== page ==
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Am J Surg Pathol. 1997 Mar;21(3):312-8.

Large-cell change of hepatocytes in cirrhosis may represent a reaction to prolonged cholestasis.

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Department of Pathology, Mount Sinai School of Medicine, New York, New York, USA.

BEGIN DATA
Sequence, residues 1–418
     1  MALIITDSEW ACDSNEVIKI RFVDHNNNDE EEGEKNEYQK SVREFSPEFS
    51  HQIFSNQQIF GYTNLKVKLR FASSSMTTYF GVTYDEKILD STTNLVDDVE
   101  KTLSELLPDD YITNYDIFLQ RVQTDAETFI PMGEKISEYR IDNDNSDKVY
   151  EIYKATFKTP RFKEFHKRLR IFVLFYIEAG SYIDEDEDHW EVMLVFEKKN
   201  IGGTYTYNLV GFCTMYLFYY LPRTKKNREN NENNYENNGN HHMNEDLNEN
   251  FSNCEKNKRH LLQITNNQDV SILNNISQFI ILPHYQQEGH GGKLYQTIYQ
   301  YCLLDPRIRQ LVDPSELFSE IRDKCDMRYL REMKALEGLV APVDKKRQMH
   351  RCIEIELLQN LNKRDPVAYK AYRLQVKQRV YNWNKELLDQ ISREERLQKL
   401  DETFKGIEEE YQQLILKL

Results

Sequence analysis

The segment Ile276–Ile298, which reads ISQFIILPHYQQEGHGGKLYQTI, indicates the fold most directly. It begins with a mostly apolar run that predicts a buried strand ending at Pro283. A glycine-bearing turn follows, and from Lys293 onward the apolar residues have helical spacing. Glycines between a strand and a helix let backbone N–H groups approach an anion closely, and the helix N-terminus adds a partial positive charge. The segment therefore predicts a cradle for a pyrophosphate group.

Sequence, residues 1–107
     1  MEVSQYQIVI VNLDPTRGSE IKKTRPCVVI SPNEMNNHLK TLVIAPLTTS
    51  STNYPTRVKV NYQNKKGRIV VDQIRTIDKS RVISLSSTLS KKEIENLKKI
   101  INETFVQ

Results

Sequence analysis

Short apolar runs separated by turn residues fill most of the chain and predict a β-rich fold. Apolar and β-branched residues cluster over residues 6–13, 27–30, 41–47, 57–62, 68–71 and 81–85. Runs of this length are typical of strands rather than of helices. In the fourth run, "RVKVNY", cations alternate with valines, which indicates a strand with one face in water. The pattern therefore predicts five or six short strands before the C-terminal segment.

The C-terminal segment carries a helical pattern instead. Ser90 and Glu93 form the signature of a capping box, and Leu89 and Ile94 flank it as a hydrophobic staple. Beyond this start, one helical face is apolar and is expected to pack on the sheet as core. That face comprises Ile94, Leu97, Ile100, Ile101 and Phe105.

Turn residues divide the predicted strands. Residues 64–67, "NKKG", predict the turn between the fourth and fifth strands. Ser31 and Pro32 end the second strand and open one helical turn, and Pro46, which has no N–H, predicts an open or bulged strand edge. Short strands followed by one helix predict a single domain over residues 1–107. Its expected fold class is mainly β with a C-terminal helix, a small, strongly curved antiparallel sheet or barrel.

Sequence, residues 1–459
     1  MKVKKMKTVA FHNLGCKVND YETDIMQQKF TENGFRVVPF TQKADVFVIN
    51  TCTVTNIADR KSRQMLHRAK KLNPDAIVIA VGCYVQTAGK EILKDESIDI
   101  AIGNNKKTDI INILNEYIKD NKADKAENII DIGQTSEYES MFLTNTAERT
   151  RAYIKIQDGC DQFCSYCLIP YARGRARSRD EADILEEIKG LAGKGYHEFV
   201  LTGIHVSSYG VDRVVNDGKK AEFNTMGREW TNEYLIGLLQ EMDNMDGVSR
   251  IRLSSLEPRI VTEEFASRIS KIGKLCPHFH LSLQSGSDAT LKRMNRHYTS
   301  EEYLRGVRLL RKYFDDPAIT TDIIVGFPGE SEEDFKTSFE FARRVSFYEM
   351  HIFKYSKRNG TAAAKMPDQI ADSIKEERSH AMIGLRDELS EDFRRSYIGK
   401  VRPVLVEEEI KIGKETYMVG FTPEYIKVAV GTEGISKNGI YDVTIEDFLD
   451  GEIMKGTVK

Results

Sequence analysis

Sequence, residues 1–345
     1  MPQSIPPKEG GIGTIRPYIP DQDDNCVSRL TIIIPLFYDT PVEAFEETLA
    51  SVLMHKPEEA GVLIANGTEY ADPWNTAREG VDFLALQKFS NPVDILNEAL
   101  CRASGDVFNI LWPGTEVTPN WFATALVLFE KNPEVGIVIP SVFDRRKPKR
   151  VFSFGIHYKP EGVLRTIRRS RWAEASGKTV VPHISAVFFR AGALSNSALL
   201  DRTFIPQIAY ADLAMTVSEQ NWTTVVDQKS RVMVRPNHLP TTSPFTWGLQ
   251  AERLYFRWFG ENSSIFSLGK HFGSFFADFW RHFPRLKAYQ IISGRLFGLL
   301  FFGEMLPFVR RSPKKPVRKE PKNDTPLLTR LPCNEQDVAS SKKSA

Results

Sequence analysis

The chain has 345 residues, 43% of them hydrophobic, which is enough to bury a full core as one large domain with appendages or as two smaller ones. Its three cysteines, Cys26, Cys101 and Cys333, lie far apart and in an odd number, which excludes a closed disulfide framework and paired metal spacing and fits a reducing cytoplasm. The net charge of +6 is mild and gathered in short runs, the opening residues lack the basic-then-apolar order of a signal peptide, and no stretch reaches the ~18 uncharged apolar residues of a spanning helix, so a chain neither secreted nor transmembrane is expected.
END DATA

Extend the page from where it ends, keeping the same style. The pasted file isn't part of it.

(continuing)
Large-cell change of hepatocytes (LCC), also called liver cell dysplasia of large-cell type, is a set of cytologic changes comprising nuclear and cytoplasmic enlargement, nuclear pleomorphism, and multinucleation. This entity is encountered frequently on histologic or cytologic examination of specimens obtained from livers with a variety of chronic diseases and originally was thought to have a premalignant nature. Accumulating evidence, however, now suggests that LCC is merely a reactive change. Having often observed LCC in liver specimens with chronic biliary tract disease, that is, in livers where cholestasis preceded hepatocyte injury, we surmised that LCC may be a result of prolonged cholestasis. To determine whether there was any association between LCC and cholestasis, we examined microscopically a series of 400 nodules from 40 consecutive adult cirrhotic livers, resected on transplantation, and graded LCC and cholestasis semiquantitatively. LCC was present diffusely in cirrhotic nodules of 25 specimens (62.5%). Nine additional specimens (22.5%) had focal mild LCC. Usually, LCC and cholestasis occurred together, in the same cirrhotic nodules and in the same areas of nodules. There was a statistically significant association between the presence and grade of LCC and those of cholestasis (p < 0.0001; chi-square test). Within etiological categories of cirrhosis (chronic hepatitis; n = 28; alcoholic liver disease; n = 6; biliary disease: n = 6), the significance was maintained. We conclude that, in cirrhosis of different etiologies, LCC may represent a reactive change that results from prolonged cytoplasmic cholestasis.

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